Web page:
The inherent elegance of ballet lends itself well to photoshoots, which highlight both the beauty of the human form and the precision of dance technique. Dancers make these shoots look easy, but a lot more goes into them than you might think. With a little effort, however, the end product can prove absolutely stunning.
Helpful Hints For Elevating Your Ballet Photoshoot
No matter your level as a dancer, you can create the illusion of perfect technique with proper lighting and the right poses. Keep the following in mind as you stage the ultimate shoot:
Use bright lights to capture silhouettes. Cut back to a single bright light to capture a gorgeous silhouette. The less surrounding light, the better.
Add visual interest with intriguing outdoor settings. Photos on the beach, in the mountains, or even in an urban setting look stunning — and for less experienced dancers, can distract the eye from imperfect form.
Get warm before the shoot. A brief warmup and stretch can do wonders for the quality of your photoshoot, especially if you struggle with turnout.
Ballet Poses For Beginners: Which Positions Should You Incorporate?
Before you begin your photo shoot, get familiar with ballet poses names and their proper execution. Key positions include:
First position. One of the most familiar ballet positions, this pose involves placing your heels together and turning your toes out to the side.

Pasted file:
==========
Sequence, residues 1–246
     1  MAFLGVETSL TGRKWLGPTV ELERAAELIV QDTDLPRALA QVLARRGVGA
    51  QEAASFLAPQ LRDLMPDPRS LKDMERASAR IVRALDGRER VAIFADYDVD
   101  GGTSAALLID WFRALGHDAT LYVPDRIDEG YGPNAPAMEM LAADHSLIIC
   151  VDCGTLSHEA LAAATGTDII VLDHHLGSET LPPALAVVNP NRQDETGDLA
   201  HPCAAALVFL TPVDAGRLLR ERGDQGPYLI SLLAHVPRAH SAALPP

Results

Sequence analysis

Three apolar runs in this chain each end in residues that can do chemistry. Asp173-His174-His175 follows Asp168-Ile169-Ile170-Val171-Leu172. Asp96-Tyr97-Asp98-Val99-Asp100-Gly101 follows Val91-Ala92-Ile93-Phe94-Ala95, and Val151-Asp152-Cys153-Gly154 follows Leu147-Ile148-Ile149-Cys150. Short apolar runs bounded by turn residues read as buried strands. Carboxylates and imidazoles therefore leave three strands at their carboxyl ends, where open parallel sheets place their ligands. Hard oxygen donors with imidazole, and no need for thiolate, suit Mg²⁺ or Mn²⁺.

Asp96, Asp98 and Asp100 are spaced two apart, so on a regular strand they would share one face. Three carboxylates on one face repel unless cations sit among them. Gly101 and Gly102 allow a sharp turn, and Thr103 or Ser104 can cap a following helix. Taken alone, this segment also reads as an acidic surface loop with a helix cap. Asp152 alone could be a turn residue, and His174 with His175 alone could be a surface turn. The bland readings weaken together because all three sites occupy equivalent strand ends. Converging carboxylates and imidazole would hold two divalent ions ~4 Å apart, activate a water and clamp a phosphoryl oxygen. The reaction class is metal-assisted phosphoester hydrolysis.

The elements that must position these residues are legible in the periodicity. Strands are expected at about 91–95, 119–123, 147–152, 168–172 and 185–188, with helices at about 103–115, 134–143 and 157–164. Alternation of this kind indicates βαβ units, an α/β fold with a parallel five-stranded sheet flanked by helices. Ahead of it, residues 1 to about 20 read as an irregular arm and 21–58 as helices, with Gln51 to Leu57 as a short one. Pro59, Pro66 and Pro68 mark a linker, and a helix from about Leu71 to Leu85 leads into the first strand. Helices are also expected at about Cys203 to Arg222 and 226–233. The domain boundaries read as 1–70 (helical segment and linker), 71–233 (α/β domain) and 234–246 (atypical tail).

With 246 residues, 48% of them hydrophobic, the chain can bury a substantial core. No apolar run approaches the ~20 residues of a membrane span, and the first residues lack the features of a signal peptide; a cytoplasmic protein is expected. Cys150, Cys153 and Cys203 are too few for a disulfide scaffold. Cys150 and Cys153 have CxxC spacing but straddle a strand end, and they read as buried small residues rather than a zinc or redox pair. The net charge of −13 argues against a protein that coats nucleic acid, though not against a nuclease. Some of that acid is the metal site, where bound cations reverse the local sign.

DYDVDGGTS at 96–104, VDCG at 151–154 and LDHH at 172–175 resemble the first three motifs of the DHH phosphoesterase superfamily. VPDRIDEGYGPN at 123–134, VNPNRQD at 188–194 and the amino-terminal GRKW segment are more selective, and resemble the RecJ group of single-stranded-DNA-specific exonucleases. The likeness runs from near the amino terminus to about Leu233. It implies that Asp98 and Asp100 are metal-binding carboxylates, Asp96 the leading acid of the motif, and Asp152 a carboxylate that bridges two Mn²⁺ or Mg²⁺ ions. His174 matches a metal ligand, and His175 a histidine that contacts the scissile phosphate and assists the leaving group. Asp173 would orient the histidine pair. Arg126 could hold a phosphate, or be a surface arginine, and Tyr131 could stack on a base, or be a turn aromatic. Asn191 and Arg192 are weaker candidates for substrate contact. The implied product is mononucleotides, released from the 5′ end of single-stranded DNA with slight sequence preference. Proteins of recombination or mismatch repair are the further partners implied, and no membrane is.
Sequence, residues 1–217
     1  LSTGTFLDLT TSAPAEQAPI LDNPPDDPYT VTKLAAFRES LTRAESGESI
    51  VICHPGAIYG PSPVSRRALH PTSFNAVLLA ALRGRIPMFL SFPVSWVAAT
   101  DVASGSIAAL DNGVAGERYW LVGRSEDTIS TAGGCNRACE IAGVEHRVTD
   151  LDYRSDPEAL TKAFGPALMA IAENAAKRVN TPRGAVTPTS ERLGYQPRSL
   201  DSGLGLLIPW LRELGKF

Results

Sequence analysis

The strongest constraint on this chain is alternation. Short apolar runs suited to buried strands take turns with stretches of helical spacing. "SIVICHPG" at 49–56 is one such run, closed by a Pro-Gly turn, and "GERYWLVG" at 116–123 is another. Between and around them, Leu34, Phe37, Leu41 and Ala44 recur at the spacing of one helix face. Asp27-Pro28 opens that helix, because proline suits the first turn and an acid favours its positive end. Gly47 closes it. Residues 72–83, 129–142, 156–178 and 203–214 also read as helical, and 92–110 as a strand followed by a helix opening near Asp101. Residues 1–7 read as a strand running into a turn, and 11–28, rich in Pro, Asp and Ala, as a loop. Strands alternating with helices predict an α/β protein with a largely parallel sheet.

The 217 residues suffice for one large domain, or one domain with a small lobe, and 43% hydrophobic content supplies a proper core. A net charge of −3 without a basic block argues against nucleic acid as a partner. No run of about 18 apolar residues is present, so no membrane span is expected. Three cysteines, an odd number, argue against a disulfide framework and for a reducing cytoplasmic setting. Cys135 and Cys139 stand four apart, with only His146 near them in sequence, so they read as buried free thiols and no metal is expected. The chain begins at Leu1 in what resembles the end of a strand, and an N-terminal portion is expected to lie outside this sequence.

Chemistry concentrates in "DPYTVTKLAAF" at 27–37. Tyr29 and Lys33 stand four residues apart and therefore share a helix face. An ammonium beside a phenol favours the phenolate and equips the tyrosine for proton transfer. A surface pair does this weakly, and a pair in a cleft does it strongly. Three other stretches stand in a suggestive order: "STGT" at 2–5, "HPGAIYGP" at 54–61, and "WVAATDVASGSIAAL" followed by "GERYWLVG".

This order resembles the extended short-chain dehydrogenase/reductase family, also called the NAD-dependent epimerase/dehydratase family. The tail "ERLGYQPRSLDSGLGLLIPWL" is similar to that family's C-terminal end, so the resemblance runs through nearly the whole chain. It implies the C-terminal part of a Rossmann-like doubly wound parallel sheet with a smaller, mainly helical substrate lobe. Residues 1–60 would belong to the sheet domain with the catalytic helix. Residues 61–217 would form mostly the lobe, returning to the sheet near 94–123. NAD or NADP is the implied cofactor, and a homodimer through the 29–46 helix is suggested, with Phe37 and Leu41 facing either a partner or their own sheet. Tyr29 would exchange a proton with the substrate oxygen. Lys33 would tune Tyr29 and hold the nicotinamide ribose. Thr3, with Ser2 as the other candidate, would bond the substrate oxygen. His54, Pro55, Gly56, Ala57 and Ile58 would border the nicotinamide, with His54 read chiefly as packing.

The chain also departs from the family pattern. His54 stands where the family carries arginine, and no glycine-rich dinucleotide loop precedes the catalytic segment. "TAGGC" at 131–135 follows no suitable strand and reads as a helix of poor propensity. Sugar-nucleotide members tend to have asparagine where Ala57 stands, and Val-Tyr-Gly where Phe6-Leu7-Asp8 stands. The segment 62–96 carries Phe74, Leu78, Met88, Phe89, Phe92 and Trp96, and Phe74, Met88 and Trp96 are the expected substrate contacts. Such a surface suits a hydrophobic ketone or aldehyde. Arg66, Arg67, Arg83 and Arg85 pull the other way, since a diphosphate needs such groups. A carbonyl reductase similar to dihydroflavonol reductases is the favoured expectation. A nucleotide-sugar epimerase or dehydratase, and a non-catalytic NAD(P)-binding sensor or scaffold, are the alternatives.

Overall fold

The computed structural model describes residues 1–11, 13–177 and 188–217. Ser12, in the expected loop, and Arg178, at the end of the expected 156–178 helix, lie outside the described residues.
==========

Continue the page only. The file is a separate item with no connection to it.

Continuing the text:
Second position. This pose mimics first position but places at least twelve inches of distance between the heels. The feet and legs should remain turned out.
Fourth position. In fourth position, one foot should be placed approximately twelve inches in front of the other. Depending on the context, the heels may be aligned with one another — or the heel of the front foot may align with the toes of the back foot.
Fifth position. Arguably the most difficult position for beginners, fifth position resembles fourth but removes the gap between the feet. The front heel should line up with the back toes. This requires impressive turnout.
Beyond the standard ballet positions highlighted above, other pose options could include:
Passé. Best performed by those with at least some dance experience, this pose raises the front foot to knee level while maintaining turn-out and a beautiful point.
Attitude. To perform this turn, a dancer must stand on one leg with the other lifted (either in the front or back). The lifted leg is slightly bent creating a 145-degree angle.Arabesque. This position is supported by one leg, with the other leg extended straight behind the body. Arms can be held in various positions, with the goal to have a seamless line from the shoulders through the arms and down to the toes of the extended leg.
Tendu. In this common move, the leg and foot stretch to the front, back or side, with the heel raised but the tip of the toe remaining on the floor.
Demi plié. This pose involves a small bend of the knees, which should remain turned out toward the toes.